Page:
Most tumor-associated antigens (TAA) are self-molecules that are abnormally expressed in cancer cells and become targets of antitumor immune responses. Antibodies and T cells specific for some TAAs have been found in healthy individuals and are associated with lowered lifetime risk for developing cancer. Lower risk for cancer has also been associated with a history of febrile viral diseases. We hypothesized that virus infections could lead to transient expression of abnormal forms of self-molecules, some of which are TAAs; facilitated by the adjuvant effects of infection and inflammation, these molecules could elicit specific antibodies, T cells, and lasting immune memory simultaneously with immunity against viral antigens. Such infection-induced immune memory for TAA would be expected to provide life-long immune surveillance of cancer. Using influenza virus infection in mice as a model system, we tested this hypothesis and demonstrated that influenza-experienced mice control 3LL mouse lung tumor challenge better than infection-naive control mice. Using 2D-difference gel electrophoresis and mass spectrometry, we identified numerous molecules, some of which are known TAAs, on the 3LL tumor cells recognized by antibodies elicited by two successive influenza infections. We studied in detail immune responses against glyceraldehyde-3-phosphate dehydrogenase (GAPDH), histone H4, HSP90, malate dehydrogenase 2, and annexin A2, all of which were overexpressed in influenza-infected lungs and in tumor cells. Finally, we show that immune responses generated through vaccination against peptides derived from these antigens correlated with improved tumor control. Cancer Immunol Res; 2(3); 263–73. ©2013 AACR.
Genetic mutations and epigenetic modifications can lead to cellular transformation and cancer (1). Tumor immunosurveillance is the mechanism by which the immune system recognizes and protects against abnormal cells (2). Successful tumor immunosurveillance leads to tumor elimination, which involves the recognition of tumor-specific or tumor-associated antigens (TAA) by antibodies and immune cells. T cells can recognize tumor antigens presented by the MHC class I and II molecules and kill the tumor cells via lytic granule release (CD8+ T cells) or promote cellular and humoral responses through the production of cytokines (CD4+ T cells). TAA-specific antibodies can bind to and lyse tumor cells with the help of complement or facilitate the killing of tumor cells by T and natural killer (NK) cells through antibody-dependent cell-mediated cytotoxicity (ADCC; refs. 3, 4). Molecular and biochemical characterization of tumor antigens have yielded targets for immunosurveillance and for the development of immunotherapeutic strategies.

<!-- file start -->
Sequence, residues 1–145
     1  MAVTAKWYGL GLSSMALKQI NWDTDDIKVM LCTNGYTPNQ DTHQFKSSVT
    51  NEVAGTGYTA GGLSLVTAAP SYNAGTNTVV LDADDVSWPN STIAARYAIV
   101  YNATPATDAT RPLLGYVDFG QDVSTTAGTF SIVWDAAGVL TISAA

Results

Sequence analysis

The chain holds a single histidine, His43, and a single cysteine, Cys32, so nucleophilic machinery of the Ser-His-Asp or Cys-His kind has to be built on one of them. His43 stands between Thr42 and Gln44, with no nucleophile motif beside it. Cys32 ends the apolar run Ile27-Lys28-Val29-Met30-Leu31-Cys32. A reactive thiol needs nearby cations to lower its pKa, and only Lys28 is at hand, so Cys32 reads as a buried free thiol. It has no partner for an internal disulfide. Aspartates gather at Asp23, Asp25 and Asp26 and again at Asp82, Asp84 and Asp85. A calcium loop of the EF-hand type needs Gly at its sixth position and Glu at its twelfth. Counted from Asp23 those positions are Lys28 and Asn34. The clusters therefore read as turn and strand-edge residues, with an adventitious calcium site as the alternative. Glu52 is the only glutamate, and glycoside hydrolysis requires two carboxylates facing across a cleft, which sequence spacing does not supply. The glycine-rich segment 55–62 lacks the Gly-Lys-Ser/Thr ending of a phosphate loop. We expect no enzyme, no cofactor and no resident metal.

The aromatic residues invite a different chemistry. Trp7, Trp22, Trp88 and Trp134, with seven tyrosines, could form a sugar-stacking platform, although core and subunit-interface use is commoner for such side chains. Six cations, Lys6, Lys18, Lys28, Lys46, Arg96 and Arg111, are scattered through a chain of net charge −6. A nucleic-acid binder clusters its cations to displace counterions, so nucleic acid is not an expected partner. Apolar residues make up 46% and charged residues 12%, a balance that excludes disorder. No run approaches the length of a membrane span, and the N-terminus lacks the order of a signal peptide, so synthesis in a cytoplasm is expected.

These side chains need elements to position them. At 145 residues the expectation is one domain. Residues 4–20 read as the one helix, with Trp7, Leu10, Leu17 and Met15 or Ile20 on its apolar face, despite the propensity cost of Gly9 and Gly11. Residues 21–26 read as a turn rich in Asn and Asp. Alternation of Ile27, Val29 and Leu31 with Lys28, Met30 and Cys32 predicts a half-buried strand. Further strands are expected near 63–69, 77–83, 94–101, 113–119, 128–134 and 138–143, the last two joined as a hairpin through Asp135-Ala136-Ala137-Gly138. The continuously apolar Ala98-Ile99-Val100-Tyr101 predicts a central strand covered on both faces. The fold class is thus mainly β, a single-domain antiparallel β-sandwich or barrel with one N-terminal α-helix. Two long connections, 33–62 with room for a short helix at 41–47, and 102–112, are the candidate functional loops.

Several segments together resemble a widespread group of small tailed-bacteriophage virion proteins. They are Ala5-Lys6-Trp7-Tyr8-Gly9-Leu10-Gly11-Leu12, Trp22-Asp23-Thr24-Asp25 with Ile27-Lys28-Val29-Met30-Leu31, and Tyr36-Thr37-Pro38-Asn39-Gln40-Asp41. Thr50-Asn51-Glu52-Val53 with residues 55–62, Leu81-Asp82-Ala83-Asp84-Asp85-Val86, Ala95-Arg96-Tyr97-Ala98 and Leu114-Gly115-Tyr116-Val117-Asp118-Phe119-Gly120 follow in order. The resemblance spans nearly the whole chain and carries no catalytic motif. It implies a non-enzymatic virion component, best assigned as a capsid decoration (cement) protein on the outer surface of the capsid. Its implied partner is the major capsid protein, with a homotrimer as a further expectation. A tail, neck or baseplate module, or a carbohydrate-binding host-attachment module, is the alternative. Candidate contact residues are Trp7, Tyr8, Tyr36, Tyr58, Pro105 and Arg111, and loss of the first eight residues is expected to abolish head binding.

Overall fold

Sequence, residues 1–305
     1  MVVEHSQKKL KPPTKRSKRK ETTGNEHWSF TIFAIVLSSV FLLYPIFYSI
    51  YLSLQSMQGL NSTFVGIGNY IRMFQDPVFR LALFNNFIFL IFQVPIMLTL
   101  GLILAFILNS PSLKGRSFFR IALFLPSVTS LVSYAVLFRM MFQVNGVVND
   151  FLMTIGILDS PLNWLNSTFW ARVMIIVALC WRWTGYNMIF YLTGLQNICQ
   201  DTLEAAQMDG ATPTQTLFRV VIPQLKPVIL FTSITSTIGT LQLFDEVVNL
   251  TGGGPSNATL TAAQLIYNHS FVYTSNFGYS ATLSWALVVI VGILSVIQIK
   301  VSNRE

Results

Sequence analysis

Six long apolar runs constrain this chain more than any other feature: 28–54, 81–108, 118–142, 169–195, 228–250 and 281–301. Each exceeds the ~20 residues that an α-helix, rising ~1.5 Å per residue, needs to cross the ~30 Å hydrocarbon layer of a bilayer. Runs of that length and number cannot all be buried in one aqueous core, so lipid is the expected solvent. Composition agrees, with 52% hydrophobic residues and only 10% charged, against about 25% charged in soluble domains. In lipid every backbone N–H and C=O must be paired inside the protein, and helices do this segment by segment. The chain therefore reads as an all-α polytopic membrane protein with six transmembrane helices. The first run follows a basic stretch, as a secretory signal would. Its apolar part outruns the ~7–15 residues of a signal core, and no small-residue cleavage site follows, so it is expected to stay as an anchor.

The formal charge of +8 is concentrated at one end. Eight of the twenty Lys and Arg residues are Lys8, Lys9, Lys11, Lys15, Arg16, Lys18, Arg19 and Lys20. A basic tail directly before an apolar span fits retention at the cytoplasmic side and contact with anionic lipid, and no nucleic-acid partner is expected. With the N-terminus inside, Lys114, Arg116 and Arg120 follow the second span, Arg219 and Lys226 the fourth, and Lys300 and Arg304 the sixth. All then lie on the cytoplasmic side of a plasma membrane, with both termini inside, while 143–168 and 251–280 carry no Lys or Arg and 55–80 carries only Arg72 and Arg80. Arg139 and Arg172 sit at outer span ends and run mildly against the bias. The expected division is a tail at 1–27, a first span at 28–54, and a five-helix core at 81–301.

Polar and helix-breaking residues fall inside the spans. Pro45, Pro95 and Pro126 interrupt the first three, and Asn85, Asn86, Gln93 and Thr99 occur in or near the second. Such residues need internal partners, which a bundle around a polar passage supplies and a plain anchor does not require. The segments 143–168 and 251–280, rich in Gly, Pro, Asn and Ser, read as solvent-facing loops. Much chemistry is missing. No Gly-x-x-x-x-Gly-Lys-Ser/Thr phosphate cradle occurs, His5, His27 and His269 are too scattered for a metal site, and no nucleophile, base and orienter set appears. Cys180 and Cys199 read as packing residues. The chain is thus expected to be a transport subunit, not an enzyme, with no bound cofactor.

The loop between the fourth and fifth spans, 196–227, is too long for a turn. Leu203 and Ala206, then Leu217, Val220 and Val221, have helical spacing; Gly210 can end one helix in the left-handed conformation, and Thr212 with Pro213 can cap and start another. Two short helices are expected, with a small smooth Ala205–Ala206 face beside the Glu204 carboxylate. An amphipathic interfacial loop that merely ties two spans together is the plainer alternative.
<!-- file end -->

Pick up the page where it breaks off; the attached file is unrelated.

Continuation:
Patients with cancer have circulating tumor-specific antibodies and T cells that have been used as reagents to characterize the individual's tumor antigens (5–8). Immune responses to several TAAs have been correlated with favorable prognoses. Even when target antigens are not known, infiltration of tumors by activated T cells has been correlated with better prognosis and longer disease-free and overall survival (9). The promising new approaches in cancer treatment include immunotherapies that are directed toward regaining immune control by targeting both the cancer and the immune system (10).